Skip navigation

Accompanying

Goals and Purpose

The purpose of Morris’s accompanying policies is twofold:

  1. To provide pianistic support for students in Individual Performance Studies who require pianists;
  2. To provide opportunities for Piano Majors and Piano Minors to acquire and enhance collaborative piano skills.
    • Piano Majors are required to take 4 semesters of MUS 1050 toward achieving piano proficiency;
    • Piano Minors have the option of taking up to 4 semesters of MUS 1050 toward achieving piano proficiency.

Assigning Accompanists/Deadlines

  • There are a limited number of accompanists available.
  • Accompanists are assigned based on a number of variables, including difficulty of the repertoire and priority of the request. Prioritization is as follows:
    1. Recitals/Senior Projects
    2. Juries
    3. Mixed Recitals and Competitions (e.g., NATS)
    4. Finals
  • You will be more likely to secure an accompanist by completing the Accompanist Request Form and returning it to Prof. Ann DuHamel by the deadline: Friday of the 3rd week of classes at 5 p.m. If you are performing a spring semester recital, return this form fall semester prior to the recital.
  • A student accompanist cannot be guaranteed if the form is not turned in by the deadline.
  • Every effort will be made to match pianists to the demands of the repertoire. Assignments are made after all on-time Accompanist Request Forms have been received.

Communication

Responsibilities of vocalists/instrumentalists

  • Complete the Accompanist Request Form in conjunction with your studio teacher and return it to Prof. DuHamel by the deadline.
  • Include/attach originals or readable photocopies of the piano parts with your request.
    • Check to see that all notes (including in bass clef) are on any photocopied page.
    • If music is not included, you may not receive an accompanist assignment until it is submitted.
  • Notify immediately both Prof. DuHamel and your accompanist if there are any changes in repertoire.
  • All music must be received by the accompanist at least 2 weeks before the first rehearsal.
  • Your accompanist may refuse any music that is given with less than 4 weeks to performance.
  • Schedule rehearsals with your accompanist; rehearsals should be scheduled at least 1 week in advance.
  • Check any recital, hearing, jury, competition, or other performance dates with your accompanist before scheduling it.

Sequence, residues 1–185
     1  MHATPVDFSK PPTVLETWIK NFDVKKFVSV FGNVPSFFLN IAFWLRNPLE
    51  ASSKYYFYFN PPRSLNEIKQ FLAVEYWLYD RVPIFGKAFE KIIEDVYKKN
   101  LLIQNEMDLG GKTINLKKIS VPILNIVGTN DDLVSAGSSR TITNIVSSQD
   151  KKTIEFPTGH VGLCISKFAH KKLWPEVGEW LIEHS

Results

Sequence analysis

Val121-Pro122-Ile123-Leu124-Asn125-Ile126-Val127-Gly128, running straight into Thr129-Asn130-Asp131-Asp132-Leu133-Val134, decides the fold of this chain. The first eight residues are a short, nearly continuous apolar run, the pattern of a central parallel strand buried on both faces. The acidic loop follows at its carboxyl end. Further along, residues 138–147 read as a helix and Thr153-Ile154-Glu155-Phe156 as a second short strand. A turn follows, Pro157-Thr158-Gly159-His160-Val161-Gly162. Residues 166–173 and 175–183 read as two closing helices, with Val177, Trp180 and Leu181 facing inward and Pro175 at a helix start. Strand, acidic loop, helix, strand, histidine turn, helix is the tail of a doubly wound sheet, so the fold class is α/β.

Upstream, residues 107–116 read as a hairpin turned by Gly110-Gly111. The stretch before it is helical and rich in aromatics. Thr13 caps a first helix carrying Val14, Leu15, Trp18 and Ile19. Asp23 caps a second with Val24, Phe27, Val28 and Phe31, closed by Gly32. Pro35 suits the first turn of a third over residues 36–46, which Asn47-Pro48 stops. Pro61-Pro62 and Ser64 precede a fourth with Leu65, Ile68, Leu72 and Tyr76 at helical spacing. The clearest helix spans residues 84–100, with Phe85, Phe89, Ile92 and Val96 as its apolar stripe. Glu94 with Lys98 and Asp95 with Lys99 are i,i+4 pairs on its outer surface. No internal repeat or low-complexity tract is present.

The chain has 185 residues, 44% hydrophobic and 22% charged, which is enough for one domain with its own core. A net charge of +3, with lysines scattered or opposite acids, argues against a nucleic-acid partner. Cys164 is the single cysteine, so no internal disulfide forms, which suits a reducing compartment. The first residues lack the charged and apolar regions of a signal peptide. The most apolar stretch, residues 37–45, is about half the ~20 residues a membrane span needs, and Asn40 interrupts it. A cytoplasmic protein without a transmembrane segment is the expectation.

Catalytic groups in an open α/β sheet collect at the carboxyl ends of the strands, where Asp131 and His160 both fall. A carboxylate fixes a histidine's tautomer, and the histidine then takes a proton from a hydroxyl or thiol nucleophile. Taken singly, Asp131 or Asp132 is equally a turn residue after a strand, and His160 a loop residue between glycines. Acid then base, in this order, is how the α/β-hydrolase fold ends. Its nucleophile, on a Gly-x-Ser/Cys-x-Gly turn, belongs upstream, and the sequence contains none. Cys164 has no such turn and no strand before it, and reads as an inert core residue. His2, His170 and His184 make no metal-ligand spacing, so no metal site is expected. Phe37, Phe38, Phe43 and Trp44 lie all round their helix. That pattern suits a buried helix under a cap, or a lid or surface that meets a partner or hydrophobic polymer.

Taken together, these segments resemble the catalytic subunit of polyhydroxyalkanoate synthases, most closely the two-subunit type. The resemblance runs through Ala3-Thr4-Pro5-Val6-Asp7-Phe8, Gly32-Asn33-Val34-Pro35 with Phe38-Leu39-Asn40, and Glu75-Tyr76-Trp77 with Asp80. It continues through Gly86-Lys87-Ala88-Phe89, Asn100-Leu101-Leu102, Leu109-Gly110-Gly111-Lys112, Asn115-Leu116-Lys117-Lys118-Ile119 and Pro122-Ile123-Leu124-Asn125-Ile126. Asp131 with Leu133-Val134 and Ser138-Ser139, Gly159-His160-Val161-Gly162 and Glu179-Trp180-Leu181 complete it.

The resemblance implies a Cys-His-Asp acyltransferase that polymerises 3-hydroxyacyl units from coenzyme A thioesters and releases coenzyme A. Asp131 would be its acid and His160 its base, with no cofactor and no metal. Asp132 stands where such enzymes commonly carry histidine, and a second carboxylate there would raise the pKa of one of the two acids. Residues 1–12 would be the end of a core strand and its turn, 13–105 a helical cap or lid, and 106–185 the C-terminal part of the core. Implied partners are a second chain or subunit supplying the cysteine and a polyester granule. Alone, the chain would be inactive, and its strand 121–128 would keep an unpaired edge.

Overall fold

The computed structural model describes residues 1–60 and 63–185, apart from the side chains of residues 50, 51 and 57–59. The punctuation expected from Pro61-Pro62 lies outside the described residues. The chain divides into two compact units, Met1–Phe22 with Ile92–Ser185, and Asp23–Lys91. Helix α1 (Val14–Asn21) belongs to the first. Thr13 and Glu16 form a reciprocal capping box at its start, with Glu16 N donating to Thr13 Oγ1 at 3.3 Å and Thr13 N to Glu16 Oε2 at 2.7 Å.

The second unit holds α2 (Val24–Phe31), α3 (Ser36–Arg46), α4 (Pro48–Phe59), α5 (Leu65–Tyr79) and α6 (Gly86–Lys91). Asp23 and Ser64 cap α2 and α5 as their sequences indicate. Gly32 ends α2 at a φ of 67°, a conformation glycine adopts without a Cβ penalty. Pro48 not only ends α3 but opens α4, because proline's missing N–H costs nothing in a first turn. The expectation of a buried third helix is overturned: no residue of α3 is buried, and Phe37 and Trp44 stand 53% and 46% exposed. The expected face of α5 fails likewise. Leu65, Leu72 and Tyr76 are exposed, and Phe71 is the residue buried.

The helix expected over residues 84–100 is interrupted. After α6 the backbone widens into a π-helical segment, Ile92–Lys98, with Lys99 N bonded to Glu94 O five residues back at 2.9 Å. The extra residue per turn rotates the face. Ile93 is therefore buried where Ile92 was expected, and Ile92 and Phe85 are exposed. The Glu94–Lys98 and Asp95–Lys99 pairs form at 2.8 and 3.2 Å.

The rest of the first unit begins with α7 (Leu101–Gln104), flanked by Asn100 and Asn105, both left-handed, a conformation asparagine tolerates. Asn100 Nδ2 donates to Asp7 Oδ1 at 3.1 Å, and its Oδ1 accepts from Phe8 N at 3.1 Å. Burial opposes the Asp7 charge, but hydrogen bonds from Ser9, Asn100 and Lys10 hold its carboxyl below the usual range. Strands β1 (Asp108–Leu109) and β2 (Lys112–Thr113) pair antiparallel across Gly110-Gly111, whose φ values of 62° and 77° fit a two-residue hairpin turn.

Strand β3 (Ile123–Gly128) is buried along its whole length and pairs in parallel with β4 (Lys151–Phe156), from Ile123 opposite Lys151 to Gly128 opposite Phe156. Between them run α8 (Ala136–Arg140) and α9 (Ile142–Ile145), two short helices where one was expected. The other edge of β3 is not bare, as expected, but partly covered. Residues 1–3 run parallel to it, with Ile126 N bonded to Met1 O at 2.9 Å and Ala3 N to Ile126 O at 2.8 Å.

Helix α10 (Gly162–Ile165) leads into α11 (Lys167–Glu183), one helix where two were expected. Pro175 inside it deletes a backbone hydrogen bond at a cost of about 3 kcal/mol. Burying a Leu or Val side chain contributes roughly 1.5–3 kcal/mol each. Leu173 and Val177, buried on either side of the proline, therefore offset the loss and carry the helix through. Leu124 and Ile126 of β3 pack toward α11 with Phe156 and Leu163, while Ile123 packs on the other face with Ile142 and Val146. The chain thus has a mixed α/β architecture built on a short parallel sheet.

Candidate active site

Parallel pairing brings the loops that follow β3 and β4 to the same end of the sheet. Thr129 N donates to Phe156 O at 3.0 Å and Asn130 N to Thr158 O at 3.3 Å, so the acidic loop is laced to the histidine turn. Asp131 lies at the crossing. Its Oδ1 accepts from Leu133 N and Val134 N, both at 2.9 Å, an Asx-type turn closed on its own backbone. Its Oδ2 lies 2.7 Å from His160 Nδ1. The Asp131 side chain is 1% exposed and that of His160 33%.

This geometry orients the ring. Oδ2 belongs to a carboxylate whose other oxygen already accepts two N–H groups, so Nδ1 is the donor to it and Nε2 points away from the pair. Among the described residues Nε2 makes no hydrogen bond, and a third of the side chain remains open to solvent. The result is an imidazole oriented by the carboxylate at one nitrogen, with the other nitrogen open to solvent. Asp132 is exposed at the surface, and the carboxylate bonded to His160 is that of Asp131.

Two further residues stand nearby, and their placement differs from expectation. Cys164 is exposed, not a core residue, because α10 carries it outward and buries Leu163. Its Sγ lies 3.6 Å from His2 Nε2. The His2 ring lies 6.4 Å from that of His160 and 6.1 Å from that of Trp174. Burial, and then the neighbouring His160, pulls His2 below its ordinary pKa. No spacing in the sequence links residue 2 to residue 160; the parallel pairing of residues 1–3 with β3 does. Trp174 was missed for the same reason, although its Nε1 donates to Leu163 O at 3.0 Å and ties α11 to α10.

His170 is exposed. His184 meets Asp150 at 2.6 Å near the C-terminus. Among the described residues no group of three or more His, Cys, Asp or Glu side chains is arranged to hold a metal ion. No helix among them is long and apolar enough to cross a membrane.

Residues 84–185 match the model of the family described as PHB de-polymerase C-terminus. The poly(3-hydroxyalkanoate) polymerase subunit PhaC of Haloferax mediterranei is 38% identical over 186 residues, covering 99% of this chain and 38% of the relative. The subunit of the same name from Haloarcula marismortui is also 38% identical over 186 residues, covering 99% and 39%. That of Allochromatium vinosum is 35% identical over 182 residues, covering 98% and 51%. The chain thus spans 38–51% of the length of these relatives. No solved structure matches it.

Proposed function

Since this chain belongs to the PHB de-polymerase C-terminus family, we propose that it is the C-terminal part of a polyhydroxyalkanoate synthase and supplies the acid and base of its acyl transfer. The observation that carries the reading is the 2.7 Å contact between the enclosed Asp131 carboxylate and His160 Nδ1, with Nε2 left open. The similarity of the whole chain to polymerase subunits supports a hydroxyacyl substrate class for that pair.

• Students performing in recitals, juries, mixed recitals, or NATS should plan to attend MUS 1050: Accompanying workshop (weekly, Thursday, 6 p.m., HFA Recital Hall), in the weeks leading up to the performance. The schedule for the semester will be posted no later than the 4th week of classes. Rehearse with your accompanist at least twice before bringing pieces to workshop.
  • See below for suggested payment schedule.

Responsibilities of pianists

  • You are expected to show up prepared for all scheduled lessons and rehearsals.
  • Respond to email and other communication with collaborators, their professors, and Professor DuHamel in a professional and timely manner. Clear and prompt communication about rehearsals, repertoire, performances, etc. is essential and is necessary on everyone’s part. Always strive to solve any communication issues with collaborators first. If that doesn’t work, please contact professors to help.
  • Prepare well and consistently for all collaborative engagements (lessons, rehearsals, and performances). Do not sight read in rehearsal or lessons. Irresponsibility in attendance, preparedness, and performance will result in the forfeiture of rights to be paid or receive a passing grade.
    • See below for rehearsal etiquette.
  • Check with studio instructors of students you are accompanying to see if they have specific requests of you.
  • Keep track of the amount of hours/lessons/rehearsals. Agree with your collaborators beforehand on rehearsal dates and times.
    • Maintaining a dedicated log for tracking each person’s music, rehearsals, lessons, hours, and payment is effective.
  • You have the right to refuse to play any music that is given to you with less than 4 weeks to learn it.